While U.S. officials are scrambling to pass domestic Internet censorship legislation in the name of curbing copyright infringement, they’ve been much more effective in their efforts to export these laws abroad. Previously, we’ve examined US attempts to pressure the prior Spanish presidential administration to enact harsh copyright laws. A new letter reported by the Spanish newspaper, El Pais, reveals that the U.S. government didn’t miss a beat when they renewed their threat to put in place trade penalties toward Spain unless the new government enacted a copyright law in a timely manner. The US was dangerously close to getting their dream legislation in Spain last year, but were disappointed when the Spanish executive office deferred to fully enact the copyright law, Ley Sinde, due to its wide unpopularity. Digital activists and Internet rights lawyers internationally recognized that this Spanish law would overtly skirt due process, violate personal privacy, and limit freedom of expression.
Spain is one of the many countries we’ve included in Global Chokepoints, where we have profiled countries that have enacted over-broad anti-piracy laws that block and filter websites at the expense of online expression. Before the introduction of Ley Sinde and pressure from the U.S. government, Spain had been on the pragmatic side of copyright enforcement legislation. This new law however, speeds up the process of takedowns by requiring content intermediaries such as ISPs and hosting providers to take measures to block content and shut down websites deemed guilty of infringement within 48 hours. It is also labeled as "anti-P2P" legislation aimed at shutting down file-sharing sites. Another deeply troubling provision for individual privacy rights allows affected parties to seek the identity of those believed to have infringed on copyright.1
The 2010 Wikileaks cables showed that the U.S. actively threatened Spain to force them to pass stronger copyright enforcement laws. The U.S. delivered on their threat, and since 2008 have continued to put Spain on their Special 301 Report which is essentially a watch list of countries with "bad" intellectual property policies.2 The new letter reported by El Pais on December 12, 2011 reveals how the U.S. ambassador disparaged Spanish officials for not getting the law fully put in place. The letter said:
The government has unfortunately failed to finish the job for political reasons, to the detriment of the reputation and economy of Spain… I encourage the Government of Spain to implement the Sinde Law immediately to safeguard the reputation of Spain as an innovative country that does what it says it will, and as a country that breeds confidence.
The US has raised the stakes and stated that they would elevate Spain in the USTR's annual Section 301 report by listing it in the “Priority Watch List”. While this does not directly lead to trade sanctions, it does indicate increased scrutiny and pressure from the U.S. to get a law passed. Unfortunately, these means of diplomatic intimidation have shown to get them results.
While the Spanish Congress had approved Ley Sinde in February 2011, unfinished administrative procedures left the law in limbo. On Friday December 30th 2011 however, the newly elected executive government passed Ley Sinde by approving the regulation that dictated the application of the law. This was the final piece needed to put this defective law into place.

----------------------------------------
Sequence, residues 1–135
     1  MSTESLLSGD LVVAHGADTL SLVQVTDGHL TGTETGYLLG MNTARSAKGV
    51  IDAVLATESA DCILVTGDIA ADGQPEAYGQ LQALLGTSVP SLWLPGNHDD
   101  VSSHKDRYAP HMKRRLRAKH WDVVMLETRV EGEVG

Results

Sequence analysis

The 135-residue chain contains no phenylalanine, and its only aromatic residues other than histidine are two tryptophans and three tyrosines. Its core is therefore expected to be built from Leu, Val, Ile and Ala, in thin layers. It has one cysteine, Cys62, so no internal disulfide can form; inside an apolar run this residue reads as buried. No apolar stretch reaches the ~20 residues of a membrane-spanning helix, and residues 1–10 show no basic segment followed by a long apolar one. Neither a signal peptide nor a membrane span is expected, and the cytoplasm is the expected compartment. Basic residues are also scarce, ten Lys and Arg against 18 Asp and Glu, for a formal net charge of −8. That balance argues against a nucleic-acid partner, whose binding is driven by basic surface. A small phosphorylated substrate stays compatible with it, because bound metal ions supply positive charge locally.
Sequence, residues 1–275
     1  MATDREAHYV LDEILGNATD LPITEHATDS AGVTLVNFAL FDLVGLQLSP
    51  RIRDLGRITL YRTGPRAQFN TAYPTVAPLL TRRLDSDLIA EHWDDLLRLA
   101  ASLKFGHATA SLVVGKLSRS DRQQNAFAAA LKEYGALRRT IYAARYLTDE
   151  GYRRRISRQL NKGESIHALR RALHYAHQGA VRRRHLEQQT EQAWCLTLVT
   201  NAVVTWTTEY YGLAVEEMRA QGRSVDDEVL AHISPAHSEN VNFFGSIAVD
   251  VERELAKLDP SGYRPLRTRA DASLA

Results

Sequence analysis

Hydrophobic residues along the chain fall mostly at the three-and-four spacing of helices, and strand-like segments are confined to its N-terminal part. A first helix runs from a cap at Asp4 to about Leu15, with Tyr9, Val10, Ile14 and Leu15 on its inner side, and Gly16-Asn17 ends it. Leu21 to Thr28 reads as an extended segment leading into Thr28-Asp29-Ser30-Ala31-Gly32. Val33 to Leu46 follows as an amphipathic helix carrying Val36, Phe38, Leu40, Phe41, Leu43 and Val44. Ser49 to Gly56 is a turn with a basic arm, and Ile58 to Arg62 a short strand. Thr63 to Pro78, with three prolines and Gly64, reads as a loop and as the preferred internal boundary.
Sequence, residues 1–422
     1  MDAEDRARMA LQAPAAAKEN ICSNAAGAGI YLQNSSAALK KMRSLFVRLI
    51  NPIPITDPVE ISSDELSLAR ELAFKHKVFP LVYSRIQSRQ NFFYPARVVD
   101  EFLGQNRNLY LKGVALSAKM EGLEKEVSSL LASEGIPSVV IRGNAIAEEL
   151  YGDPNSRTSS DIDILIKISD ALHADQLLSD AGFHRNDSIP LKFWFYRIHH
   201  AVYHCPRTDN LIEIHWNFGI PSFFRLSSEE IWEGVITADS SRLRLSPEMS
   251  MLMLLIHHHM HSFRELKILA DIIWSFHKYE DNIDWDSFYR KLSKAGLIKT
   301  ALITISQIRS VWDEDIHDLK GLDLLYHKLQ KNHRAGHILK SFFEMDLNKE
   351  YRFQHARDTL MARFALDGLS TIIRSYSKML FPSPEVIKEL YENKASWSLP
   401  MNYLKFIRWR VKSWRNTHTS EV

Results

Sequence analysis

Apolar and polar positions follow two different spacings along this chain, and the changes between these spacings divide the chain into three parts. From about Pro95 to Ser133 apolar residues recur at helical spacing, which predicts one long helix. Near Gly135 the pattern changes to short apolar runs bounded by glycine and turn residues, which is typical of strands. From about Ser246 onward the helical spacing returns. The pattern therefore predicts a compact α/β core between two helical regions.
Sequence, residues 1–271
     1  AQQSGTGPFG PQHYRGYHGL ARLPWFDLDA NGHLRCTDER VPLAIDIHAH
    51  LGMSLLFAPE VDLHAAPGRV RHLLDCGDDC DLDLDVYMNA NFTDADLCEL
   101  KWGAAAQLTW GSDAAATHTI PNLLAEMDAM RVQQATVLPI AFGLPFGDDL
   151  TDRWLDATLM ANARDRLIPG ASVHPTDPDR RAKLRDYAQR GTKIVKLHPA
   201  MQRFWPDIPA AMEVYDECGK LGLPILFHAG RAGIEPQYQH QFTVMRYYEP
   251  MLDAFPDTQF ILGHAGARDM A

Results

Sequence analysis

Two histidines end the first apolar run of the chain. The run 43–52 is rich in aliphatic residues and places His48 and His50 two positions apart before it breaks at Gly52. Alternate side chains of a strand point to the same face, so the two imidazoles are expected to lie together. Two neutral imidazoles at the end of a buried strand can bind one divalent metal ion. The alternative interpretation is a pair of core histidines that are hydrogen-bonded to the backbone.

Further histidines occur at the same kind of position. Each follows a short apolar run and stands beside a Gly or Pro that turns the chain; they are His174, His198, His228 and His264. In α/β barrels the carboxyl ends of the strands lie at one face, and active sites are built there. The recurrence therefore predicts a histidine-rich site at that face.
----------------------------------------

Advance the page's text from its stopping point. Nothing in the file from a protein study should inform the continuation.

This is a big loss for digital rights and privacy advocates everywhere. However, Spanish Internet users are already organizing a boycott. They are calling Internet users not to purchase or consume any artistic or intellectual works of authors, producers, agents, or managers who have explicitly expressed or participated lobbying for Ley Sinde.3 Because Internet users are also claiming that the regulation exceeds statutory limits established in the Constitution, it is likely that this law will unleash a flood of legal complaints.4 Victor Domingo Prieto, President of La Asociación de Internautas argues that "when the Intellectual Property Commission take its first steps [of blocking sites], reports of the unconstitutionality of their decisions will occur immediately."
The shocking revelations of secret U.S. threats to governments to enforce copyrights should serve as a wake-up call. It is clear that U.S.-led political forces backed by big content industry continue to stop at nothing to pass laws, or even secret trade agreements, in order to try to curb copyright infringement and protect entrenched copyright holder profits. Especially in light of the way similar U.S. domestic laws are getting formulated with barely any technical or legal analysis of its consequences, it is clear that government officials have no consideration for the impacts such a law would have on other societies. This kind of reckless rule making generates laws that not only violate individual freedoms but are ultimately completely ineffective towards their stated end of advancing innovation and protecting industry jobs.
Global Chokepoints: http://www.globalchokepoints.org
Twitter updates on Ley Sinde and the planned boycott:
- 1. The parties must request this data through a legal process, and a judge must issue an order to reveal the data necessary to identify infringers.
- 2. For more history on the US Trade Represenative’s Special 301 Report: https://www.eff.org/deeplinks/2010/04/shaping-ip-laws-not-so-gentle-persuasion-special
- 3. A list of the authors, artists and filmmakers that have explicitly expressed support for Ley Sinde [Spanish]: http://wiki.nolesvotes.org/wiki/Boicot#List
- 4. Websites which plan to challenge to fight the closure of their site in court [Spanish]: http://www.publico.es/culturas/415909/la-lista-de-sinde